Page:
Brian Carpenter noticed the lack of a CRT Database entry for Marshall SPV, a company that briefly and unsuccessfully tried their hand at refuse bodies in the 1990s. Former SD people were involved, resulting in designs similar to the Pakamatic and Route Chief. Marshall is still in business, but the their RCVs are no more. My thanks to Brian and Phil Clifford who provided a rare photo, so that we now have them cataloged here at CRT.

    The second part of the Heil story is now posted here at CRT. Getting this ready for Memorial Day meant there has been no activity here for the last month or so, as this has taken every bit of spare time I had. I will be catching up on some other items in the following weeks, and thank you for your patience. I believe most readers of this site will not be disappointed; there are 19 new chapters with 205 new images and 7 videos. It details Heil's history since 1961, and some of there best-known equipment. Combined with the first part (posted last summer), this is by far the largest album on the site. Heil is not a small company, and has been around for over a century, so there was a lot to tell. Rear loader fans will appreciate the story of the fabled Mark V, its demise and how Heil ultimately snatched victory from the jaws of defeat in one of the biggest gambles in refuse truck history.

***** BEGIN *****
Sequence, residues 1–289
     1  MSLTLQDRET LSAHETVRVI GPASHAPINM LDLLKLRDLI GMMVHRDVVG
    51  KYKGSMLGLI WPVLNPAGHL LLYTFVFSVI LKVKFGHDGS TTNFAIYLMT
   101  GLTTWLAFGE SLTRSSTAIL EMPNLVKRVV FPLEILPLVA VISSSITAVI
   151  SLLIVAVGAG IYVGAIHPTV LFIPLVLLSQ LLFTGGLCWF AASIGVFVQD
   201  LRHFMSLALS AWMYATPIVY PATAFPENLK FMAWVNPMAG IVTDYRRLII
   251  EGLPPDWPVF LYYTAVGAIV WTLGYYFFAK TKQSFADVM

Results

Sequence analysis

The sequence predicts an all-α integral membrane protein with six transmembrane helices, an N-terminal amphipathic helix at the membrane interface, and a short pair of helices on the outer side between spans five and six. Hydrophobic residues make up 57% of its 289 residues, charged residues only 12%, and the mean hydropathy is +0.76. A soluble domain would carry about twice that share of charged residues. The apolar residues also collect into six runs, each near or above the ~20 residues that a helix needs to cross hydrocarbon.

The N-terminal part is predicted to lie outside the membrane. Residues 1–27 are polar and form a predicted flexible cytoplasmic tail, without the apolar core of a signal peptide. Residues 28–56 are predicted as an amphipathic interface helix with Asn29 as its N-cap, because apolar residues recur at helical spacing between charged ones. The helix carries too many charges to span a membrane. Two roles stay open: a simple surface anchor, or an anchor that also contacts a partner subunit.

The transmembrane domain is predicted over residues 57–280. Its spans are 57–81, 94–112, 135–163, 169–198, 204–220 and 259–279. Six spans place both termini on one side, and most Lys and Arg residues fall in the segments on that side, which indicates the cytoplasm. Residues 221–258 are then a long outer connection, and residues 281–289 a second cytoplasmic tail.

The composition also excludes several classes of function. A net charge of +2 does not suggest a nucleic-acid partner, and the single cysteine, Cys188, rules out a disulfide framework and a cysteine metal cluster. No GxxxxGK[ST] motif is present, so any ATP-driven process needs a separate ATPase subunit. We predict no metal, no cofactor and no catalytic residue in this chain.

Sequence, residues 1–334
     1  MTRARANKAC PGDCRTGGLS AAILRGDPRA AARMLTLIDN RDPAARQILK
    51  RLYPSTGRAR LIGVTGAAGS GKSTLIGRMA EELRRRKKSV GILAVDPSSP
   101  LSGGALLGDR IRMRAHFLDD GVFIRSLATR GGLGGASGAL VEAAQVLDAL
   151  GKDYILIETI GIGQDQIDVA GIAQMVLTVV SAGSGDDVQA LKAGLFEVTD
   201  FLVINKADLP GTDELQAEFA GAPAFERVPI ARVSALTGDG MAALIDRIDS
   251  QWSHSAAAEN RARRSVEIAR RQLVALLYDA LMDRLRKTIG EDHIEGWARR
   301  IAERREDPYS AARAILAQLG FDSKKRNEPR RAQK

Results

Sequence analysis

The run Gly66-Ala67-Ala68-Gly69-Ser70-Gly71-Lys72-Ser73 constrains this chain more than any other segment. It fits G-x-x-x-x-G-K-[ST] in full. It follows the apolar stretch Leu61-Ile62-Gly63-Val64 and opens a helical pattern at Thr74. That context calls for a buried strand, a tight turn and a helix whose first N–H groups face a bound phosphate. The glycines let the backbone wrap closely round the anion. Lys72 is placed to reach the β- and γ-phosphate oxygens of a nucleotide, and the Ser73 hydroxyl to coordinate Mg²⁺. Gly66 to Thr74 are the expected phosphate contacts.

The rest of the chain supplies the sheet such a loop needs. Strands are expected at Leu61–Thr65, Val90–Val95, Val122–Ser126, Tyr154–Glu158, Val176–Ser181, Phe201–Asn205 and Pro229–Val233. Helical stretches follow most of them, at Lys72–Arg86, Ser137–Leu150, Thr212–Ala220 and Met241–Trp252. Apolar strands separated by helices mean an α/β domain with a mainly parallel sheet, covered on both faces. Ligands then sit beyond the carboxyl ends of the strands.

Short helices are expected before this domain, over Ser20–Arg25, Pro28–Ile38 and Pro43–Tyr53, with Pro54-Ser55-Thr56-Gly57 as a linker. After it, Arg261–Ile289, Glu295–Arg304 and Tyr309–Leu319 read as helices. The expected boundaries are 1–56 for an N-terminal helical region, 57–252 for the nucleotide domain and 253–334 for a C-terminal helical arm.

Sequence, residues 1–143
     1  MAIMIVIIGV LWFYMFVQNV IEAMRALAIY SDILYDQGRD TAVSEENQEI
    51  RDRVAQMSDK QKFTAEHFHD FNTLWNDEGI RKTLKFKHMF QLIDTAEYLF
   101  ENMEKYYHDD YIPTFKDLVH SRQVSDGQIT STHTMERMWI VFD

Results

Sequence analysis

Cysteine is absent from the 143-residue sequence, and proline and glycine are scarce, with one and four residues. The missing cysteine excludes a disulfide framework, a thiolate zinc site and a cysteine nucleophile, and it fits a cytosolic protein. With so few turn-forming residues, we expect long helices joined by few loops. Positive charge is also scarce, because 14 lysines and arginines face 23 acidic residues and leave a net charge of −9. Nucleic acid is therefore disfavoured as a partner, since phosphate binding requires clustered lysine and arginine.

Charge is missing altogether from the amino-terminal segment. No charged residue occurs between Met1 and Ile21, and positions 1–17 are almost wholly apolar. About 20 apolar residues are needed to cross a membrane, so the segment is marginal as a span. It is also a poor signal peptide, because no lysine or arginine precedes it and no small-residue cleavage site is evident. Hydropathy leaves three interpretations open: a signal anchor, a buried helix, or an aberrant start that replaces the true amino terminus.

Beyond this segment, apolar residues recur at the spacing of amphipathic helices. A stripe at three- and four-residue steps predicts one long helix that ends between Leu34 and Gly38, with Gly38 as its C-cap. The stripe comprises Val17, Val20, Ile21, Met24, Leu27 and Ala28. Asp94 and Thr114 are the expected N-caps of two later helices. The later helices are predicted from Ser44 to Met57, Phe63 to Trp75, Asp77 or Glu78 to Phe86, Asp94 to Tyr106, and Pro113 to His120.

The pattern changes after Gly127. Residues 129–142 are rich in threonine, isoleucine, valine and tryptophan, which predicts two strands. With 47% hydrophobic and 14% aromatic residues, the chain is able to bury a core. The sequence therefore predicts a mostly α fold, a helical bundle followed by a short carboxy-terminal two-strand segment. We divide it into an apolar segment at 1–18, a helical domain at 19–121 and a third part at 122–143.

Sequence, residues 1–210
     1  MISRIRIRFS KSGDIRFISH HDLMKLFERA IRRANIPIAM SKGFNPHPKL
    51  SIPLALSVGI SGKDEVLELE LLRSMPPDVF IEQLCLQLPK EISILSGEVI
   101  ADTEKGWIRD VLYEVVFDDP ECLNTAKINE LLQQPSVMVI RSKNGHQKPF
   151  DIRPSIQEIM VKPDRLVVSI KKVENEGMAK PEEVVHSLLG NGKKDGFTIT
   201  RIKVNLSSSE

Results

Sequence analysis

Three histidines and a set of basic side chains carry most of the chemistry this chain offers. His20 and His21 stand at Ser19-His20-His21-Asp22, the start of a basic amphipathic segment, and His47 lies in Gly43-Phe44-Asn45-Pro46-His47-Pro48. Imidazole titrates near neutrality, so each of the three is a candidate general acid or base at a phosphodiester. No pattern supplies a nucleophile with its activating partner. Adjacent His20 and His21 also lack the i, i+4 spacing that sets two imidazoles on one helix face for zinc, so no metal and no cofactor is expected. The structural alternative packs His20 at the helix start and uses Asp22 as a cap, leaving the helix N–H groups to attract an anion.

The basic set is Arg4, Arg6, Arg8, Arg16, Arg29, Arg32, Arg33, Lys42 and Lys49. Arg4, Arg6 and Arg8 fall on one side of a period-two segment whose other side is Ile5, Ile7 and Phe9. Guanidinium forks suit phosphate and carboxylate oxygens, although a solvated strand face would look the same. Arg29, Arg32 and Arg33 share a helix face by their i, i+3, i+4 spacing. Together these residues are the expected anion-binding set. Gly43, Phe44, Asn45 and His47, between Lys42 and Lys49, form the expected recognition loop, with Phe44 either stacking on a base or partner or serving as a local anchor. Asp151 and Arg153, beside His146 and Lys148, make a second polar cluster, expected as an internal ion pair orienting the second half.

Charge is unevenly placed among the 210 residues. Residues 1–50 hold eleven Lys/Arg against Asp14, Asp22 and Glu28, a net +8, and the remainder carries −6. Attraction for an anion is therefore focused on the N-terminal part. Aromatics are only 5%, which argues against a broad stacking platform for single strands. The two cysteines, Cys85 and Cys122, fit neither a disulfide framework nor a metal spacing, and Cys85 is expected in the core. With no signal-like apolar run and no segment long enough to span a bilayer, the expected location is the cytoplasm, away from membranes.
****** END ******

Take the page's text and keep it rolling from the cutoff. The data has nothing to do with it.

My sincerest of thanks go to Dana Gregory, who came through with a cache of literature which is greatly appreciated; I could not have documented the early days of the Formula era without it. And to Scott Blake, who has also provided a wealth of literature and information to CRT over these many years. John Thomas shared his fascinating "inside information" on the company, having been with Heil during a critical moment in their history. I must also thank Zachary Geroux; if there is ever a west coast connection in a front loader, he will probably be the first to discover it. Alan Blanchard provided a nice demonstration clip for the Formula 5000. (Alan I'm sorry it took four years to get it into an album!) Last but certainly not least, I am grateful to all the dedicated "truck hunters" who document the living legends and neo-classics in pictures and video. Your efforts bring the history alive, in way words can't often describe, and preserve the memory of this equipment while it is still around.

Both sections of the two-part Heil history may be accessed from the Heil Gallery, which is now linked through the CRT Refuse Body Database.

(April 8, 2017) TRUCK RESCUE